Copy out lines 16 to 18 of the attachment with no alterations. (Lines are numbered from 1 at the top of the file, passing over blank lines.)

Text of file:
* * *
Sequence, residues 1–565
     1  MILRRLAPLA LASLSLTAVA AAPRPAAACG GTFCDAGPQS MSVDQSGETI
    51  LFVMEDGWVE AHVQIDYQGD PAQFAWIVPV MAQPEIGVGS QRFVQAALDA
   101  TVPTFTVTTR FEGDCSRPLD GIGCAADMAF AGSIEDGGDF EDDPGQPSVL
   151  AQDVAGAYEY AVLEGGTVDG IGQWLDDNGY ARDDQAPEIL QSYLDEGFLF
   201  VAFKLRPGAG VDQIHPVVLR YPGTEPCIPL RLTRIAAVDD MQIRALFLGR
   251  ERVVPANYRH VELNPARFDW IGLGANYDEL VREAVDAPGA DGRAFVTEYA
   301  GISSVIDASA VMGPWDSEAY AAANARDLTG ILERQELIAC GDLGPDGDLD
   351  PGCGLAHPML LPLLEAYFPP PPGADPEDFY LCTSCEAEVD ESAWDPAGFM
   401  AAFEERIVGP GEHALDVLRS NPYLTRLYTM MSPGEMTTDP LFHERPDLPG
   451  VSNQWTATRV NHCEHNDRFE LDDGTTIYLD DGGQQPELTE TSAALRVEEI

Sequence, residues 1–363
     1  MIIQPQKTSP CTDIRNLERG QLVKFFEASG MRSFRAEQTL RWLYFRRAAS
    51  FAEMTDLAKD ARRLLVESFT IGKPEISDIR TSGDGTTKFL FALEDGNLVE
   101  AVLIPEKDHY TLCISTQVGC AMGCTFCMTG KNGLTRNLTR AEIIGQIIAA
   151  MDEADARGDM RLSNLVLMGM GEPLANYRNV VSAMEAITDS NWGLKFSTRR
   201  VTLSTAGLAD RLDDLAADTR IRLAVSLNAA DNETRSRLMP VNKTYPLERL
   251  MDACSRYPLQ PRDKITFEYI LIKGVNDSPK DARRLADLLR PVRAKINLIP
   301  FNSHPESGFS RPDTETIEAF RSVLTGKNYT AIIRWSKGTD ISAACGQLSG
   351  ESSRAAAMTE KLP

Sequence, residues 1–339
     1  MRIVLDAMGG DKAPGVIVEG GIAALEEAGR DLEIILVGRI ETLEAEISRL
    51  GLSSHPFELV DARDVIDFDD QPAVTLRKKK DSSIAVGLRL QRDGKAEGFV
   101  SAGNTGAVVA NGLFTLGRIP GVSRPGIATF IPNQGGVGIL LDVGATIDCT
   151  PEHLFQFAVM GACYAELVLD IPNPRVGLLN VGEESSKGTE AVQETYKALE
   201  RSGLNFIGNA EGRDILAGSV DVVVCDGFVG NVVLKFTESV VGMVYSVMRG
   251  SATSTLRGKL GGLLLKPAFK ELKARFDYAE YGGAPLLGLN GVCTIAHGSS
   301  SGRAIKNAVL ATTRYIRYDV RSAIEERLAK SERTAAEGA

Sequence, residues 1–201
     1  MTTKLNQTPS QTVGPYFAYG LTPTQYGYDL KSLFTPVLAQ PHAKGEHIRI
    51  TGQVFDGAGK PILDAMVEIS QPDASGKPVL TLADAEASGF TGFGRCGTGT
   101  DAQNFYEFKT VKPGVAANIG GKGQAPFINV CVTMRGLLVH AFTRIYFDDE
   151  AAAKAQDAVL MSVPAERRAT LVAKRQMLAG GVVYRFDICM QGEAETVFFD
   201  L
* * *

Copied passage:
   151  MDEADARGDM RLSNLVLMGM GEPLANYRNV VSAMEAITDS NWGLKFSTRR
   201  VTLSTAGLAD RLDDLAADTR IRLAVSLNAA DNETRSRLMP VNKTYPLERL
   251  MDACSRYPLQ PRDKITFEYI LIKGVNDSPK DARRLADLLR PVRAKINLIP